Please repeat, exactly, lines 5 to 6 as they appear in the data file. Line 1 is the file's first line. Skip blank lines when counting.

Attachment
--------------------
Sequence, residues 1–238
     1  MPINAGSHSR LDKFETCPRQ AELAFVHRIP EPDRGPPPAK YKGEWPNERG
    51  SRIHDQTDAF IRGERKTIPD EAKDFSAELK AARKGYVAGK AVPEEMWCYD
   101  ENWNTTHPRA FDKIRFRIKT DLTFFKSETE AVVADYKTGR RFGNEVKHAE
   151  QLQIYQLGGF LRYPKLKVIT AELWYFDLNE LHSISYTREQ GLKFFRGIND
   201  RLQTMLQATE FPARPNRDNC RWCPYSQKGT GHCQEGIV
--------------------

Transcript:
   151  QLQIYQLGGF LRYPKLKVIT AELWYFDLNE LHSISYTREQ GLKFFRGIND
   201  RLQTMLQATE FPARPNRDNC RWCPYSQKGT GHCQEGIV